n., plænt sɛl
A cell of a plant generally characterized by having chloroplasts and a cell wall
Table of Contents
A plant cell refers to any cell of a plant. Plant cells are presumed to have evolved from the early green algae and probably first occurred in the early Paleozoic era, more than 500 million years ago. Plant cells were first observed by an English natural philosopher, Robert Hooke. With the availability of a microscope, he was able to see plant cells from a bottle cork sample. He noticed microscopic pores that resembled a honeycomb. He, then, coined the term cells to refer to these tiny pores. Initially, he thought that they were empty cells. With the availability of more advanced microscopes, scientists were able to observe the living components of plant cells. Typically, a simple plant cell has membrane-bound cell structures (called organelles) that are suspended in the cytoplasm.
Plant cell vs. animal cell
A plant cell, similar to an animal cell, is eukaryotic. Eukaryotic cells are characterized by the presence of organelles, particularly nucleus, as opposed to prokaryotic cells that lack them. Although plant cell and animal cell are similar in this regard they have recognizable structural differences. A plant cell has a rigid cell wall that is absent in an animal cell. There is also a central vacuole that occupies much space in a plant cell. In an animal cell, the vacuoles are numerous but small. Plant cells have many chloroplasts whereas animal cells lack them. Chloroplasts are key organelles in photosynthesis. Thus, plants are capable of making their own food directly from inorganic sources whereas animals rely on available food from organic sources. They also differ in how a cell divides. A plant cell divides by forming a cell plate between two daughter cells during the latter phase of cell division. In contrast, an animal cell forms a cleavage furrow.
Plant cell structure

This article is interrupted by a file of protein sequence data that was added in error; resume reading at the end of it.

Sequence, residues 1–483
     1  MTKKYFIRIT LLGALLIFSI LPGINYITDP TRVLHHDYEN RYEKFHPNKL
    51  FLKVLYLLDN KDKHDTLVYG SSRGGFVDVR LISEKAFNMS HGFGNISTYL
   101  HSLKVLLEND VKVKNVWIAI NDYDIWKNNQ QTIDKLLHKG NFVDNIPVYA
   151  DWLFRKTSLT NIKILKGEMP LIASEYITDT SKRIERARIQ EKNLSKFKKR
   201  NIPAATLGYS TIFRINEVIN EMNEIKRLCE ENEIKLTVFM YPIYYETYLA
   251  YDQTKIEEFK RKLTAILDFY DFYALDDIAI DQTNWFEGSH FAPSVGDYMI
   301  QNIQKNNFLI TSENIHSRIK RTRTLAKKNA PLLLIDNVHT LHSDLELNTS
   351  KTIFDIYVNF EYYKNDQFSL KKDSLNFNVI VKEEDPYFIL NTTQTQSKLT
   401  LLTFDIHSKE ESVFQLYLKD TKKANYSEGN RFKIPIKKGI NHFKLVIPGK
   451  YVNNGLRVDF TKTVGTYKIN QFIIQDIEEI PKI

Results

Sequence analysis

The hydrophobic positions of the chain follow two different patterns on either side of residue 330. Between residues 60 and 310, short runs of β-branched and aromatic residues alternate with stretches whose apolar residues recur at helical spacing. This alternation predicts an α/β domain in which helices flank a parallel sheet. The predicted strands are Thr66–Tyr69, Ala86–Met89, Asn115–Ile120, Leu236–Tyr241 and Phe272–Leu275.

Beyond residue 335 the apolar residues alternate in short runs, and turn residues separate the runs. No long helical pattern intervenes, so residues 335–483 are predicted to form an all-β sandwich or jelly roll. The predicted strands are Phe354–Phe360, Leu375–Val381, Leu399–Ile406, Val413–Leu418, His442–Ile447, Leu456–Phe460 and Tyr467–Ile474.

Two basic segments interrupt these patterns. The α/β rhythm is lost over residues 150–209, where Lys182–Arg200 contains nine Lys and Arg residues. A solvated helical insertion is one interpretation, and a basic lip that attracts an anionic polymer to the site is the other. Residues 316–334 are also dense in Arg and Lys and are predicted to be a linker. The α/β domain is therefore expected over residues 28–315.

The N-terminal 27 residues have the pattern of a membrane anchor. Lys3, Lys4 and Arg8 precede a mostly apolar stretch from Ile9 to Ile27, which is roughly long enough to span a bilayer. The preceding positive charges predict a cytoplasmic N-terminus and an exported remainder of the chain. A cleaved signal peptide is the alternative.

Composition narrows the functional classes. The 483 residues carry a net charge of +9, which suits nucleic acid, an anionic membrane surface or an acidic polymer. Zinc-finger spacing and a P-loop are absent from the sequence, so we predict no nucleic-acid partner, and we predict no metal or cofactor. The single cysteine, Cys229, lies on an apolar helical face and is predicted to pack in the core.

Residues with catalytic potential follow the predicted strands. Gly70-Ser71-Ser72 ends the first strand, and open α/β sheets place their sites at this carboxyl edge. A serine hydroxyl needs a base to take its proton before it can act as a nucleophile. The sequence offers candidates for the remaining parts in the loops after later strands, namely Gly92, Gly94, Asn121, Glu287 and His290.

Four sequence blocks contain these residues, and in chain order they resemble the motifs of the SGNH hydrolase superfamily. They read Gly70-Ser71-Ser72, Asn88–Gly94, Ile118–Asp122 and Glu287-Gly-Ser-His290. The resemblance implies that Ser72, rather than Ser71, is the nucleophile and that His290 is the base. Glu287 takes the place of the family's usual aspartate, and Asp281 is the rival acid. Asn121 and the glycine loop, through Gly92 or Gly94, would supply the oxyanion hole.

A typical plant cell structure includes organelles, cytoplasmic structures, cytosol, cell membrane (also called plasma membrane), and cell wall. Plant cell organelles include plastids, nucleus, mitochondria, endoplasmic reticulum, and Golgi apparatus. The nucleus is the organelle that modulates the metabolic activities of the cell. It contains most of the cell’s genetic material. Other genetic materials are located in the semi-autonomous organelles, the mitochondria and the chloroplasts. The mitochondria are the organelles that provide the cells chemical energy, e. g. ATP, by cellular respiration. The chloroplasts are chlorophyll-containing organelles that play an important role in the photosynthetic process. They are the light energy (photon)-harvesting organelles. They convert inorganic salts, water, and carbon dioxide into complex organic material (e.g. glucose molecules) as driven by the light energy from a light source (e.g. sunlight). Apart from chloroplasts, there are also other types of plastids found in a plant cell. They are the chromoplasts and the leucoplasts. Chromoplasts contain accessory pigments whereas leucoplasts contain stored food. The endoplasmic reticulum is the organelle involved in protein synthesis. Together with the ribosomes, they create proteins that will be transported intracellularly or extracellularly. Proteins that are for transport are passed on to the Golgi apparatus where they are packaged and sorted. Lysosomes, peroxisomes, and cytoskeletons (microtubules, actin filaments, and intermediate filaments) are also present in plant cells. A central vacuole is present and often the largest cytoplasmic structure in a plant cell. It is essential to plant due to its role in osmoregulation. All these cytoplasmic structures are suspended in the fluid component of the cytoplasm, the cytosol. The cell membrane contains the organelles, other cytoplasmic structures, and the cytosol. It is a semi-permeable, double-membraned covering that is made up of lipids, carbohydrates, and proteins. On the cell’s exterior is a cell wall that is responsible for the cell’s turgidity, rigidity, strength, and resiliency against mechanical stress. A plant cell wall may be made up of two layers of cell walls, a primary and a secondary wall. A primary cell wall consists of cellulose, pectin, and hemicellulose. Over time, it could deposit another layer called the secondary cell wall. It is characteristically thick due to lignin deposition. For the generalized plant cell model, refer to the illustration of a plant cell.